Big Brims Which came first? Legends with big brims, or big brims that became legends? Both actually.

Tim McCoy always cut a dashing figure in his more than 80 Westerns, and nobody wore bigger hats with bigger brims than the colonel. – All photos True West archives; contemporary hat photos courtesy named hatmaker –
Tim McCoy always cut a dashing figure in his more than 80 Westerns, and nobody wore bigger hats with bigger brims than the colonel.
– All photos True West archives; contemporary hat photos courtesy named hatmaker –

When Sam Peckinpah invited his close friend Jim Silke, an illustrator, to Western Costume in Los Angeles, California, in 1973 to look at wardrobe for that year’s Pat Garrett and Billy the Kid, the director selected a stylish hat for his Billy the Kid character. Black, the hat was molded in a shape that resembles what is sometimes called a “gambler’s hat” and sported a striking band of medallions; it was almost certainly a modern hat, not a period one.

“What do you think?” Peckinpah asked Silke.

“Well, are you going to do the real Billy the Kid or the legend?” Silke asked back.

Peckinpah smiled and replied, “I guess I’ll do the legend.”

Peckinpah was likely well informed enough to know that William “Billy the Kid” Bonney favored sombreros over the typical cowboy hat. But several months earlier, in a memo about the original screenplay, Peckinpah told the producer, “Because we are dealing with a legend everyone seems to feel that it must be authentic. I am not interested in authenticity I am interested in drama.”

The black cowboy hat Kris Kristofferson wore in his role as the Kid may not have fit the outlaw, but we have found historical photos of frontiersmen wearing big brims, as well as photos of the modern-day big brims that you can purchase today. Some fit the extra wide brim characteristic of the Spanish sombrero, while others feature a brim big enough to provide shade from the elements.

Too bad the only known photograph of the real-life Kid shows him wearing a crumpled, small-brimmed hat; we would have loved to have seen him in his distinctive sombrero.

Get ready for some big brims broad enough to cast an illuminating shadow over our Old West history.

Tom Mix (far left) was known for his big brimmed cowboy hats during his entire acting career, and yet we cannot find a photograph of him wearing one with his namesake crease! AZ-Tex Hat Company makes a big brim hat in bone with the Tom Mix crease (inset); this style is more recently called the Gus, because a hat with this crease was also worn by the Lonesome Dove character played by Robert Duvall; $550.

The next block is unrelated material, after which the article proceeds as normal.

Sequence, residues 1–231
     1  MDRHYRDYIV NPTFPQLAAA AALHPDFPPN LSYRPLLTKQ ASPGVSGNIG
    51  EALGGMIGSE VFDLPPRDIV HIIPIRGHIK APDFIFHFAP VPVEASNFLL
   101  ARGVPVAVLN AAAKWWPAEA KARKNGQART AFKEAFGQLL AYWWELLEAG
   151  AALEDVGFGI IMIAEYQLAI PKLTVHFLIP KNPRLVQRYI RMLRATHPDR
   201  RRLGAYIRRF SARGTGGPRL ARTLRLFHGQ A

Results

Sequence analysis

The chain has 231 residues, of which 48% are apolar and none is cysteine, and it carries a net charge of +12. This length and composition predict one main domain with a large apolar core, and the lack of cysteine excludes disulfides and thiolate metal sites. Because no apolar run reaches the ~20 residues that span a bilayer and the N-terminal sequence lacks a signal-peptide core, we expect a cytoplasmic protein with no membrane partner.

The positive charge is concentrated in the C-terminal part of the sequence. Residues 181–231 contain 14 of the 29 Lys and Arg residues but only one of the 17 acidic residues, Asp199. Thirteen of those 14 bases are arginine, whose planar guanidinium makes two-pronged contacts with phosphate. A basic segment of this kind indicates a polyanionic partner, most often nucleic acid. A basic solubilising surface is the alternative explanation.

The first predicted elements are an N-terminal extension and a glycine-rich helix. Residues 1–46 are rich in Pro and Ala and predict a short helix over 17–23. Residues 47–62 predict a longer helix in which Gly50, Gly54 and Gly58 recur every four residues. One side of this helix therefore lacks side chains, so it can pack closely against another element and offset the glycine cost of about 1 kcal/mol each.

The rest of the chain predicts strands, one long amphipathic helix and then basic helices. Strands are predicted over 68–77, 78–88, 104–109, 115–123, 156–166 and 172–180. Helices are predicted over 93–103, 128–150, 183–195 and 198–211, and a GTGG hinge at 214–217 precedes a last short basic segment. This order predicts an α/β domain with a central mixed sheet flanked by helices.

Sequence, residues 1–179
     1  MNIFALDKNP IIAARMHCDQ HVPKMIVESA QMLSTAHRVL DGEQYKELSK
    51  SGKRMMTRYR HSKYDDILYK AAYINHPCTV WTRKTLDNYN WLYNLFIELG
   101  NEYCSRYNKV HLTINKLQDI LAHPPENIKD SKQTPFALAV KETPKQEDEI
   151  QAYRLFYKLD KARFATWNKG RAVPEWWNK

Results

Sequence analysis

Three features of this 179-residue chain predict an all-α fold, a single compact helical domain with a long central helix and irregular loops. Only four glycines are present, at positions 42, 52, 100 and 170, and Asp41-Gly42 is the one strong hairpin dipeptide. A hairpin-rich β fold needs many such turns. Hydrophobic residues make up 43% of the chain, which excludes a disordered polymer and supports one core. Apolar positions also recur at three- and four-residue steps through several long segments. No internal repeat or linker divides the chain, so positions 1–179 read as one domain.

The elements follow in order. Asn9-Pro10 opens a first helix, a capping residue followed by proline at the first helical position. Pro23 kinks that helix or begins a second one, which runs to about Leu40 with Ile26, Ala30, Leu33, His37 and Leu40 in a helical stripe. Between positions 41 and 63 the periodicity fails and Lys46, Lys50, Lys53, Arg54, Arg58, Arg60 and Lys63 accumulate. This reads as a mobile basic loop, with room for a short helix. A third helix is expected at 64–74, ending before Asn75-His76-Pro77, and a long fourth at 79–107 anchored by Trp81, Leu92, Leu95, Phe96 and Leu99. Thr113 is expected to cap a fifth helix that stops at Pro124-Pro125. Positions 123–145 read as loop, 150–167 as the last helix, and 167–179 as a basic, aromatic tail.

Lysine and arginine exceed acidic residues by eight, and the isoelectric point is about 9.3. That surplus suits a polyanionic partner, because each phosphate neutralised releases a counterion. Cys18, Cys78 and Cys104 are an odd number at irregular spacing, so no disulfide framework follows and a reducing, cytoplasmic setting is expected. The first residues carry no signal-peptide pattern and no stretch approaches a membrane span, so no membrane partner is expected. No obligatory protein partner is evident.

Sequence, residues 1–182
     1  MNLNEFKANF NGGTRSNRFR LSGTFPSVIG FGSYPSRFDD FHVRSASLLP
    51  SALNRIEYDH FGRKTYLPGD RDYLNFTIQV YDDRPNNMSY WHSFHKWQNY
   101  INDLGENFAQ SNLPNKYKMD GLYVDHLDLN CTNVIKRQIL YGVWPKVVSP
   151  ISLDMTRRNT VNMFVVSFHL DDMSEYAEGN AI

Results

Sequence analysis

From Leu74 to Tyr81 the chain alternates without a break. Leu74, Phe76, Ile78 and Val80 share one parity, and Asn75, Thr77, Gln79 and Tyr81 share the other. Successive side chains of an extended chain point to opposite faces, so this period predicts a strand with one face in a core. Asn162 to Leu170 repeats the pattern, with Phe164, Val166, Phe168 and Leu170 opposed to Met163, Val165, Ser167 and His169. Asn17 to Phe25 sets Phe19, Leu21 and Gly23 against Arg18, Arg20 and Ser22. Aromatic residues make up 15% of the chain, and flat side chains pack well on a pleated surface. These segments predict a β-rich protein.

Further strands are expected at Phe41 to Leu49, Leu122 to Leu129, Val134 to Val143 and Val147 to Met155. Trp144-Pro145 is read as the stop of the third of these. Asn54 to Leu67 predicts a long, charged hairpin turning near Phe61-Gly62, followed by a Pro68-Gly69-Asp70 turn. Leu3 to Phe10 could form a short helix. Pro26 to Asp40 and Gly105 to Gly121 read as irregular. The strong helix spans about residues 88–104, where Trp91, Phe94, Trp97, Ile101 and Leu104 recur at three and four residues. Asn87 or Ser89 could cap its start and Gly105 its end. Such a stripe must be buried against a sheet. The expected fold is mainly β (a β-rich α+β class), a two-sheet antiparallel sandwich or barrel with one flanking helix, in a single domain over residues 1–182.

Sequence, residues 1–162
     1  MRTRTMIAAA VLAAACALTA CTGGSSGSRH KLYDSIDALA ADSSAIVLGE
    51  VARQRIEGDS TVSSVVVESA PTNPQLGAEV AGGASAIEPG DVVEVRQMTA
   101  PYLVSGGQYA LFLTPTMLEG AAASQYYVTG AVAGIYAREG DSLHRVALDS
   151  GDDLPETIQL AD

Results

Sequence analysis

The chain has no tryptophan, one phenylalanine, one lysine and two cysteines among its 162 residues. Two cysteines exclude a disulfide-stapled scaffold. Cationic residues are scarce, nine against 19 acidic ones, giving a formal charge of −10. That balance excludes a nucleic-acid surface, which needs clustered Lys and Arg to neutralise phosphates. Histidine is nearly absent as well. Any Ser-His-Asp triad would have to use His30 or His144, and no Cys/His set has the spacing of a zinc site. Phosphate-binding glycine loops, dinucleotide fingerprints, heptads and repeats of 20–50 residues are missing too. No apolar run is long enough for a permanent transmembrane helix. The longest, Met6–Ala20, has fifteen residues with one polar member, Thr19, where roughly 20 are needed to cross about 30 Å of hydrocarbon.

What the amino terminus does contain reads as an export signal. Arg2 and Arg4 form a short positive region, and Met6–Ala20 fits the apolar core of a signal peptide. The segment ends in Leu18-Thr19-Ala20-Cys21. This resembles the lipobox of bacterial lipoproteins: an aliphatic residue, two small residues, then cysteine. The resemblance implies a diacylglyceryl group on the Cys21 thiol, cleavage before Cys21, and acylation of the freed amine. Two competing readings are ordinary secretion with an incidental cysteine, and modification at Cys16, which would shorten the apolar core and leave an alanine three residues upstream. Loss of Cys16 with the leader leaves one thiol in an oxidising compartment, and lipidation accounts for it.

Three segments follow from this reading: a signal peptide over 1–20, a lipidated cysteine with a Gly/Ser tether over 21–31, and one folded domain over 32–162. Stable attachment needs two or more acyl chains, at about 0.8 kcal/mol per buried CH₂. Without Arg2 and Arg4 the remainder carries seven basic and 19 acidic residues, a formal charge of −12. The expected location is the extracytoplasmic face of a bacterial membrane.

Tom Mix was known for his big brimmed cowboy hats during his entire acting career, and yet we cannot find a photograph of him wearing one with his namesake crease! AZ-Tex Hat Company makes a big brim hat in bone with the Tom Mix crease; this style is more recently called the Gus, because a hat with this crease was also worn by the Lonesome Dove character played by Robert Duvall; $550.

 

Mickey Free, the legendary Apache scout (left), sports a big-brimmed variation of the Mexican sombrero, popular all over the Southwest during the 1870s and 1880s. Buckaroo Hatters makes a similar wide brim hat, the Santa Fe, shown in 100X black beaver (below), for $850. The two-inch wide leather bound edge extends the brim width to six-and-a-half inches.
Mickey Free, the legendary Apache scout, sports a big-brimmed variation of the Mexican sombrero, popular all over the Southwest during the 1870s and 1880s. Buckaroo Hatters makes a similar wide brim hat, the Santa Fe, shown in 100X black beaver, for $850. The two-inch wide leather bound edge extends the brim width to six-and-a-half inches.

 

Paul Seydor is the author of The Authentic Death and Contentious Afterlife of Pat Garrett and Billy the Kid: The Untold Story of Peckinpah’s Last Western Film.

What do you think?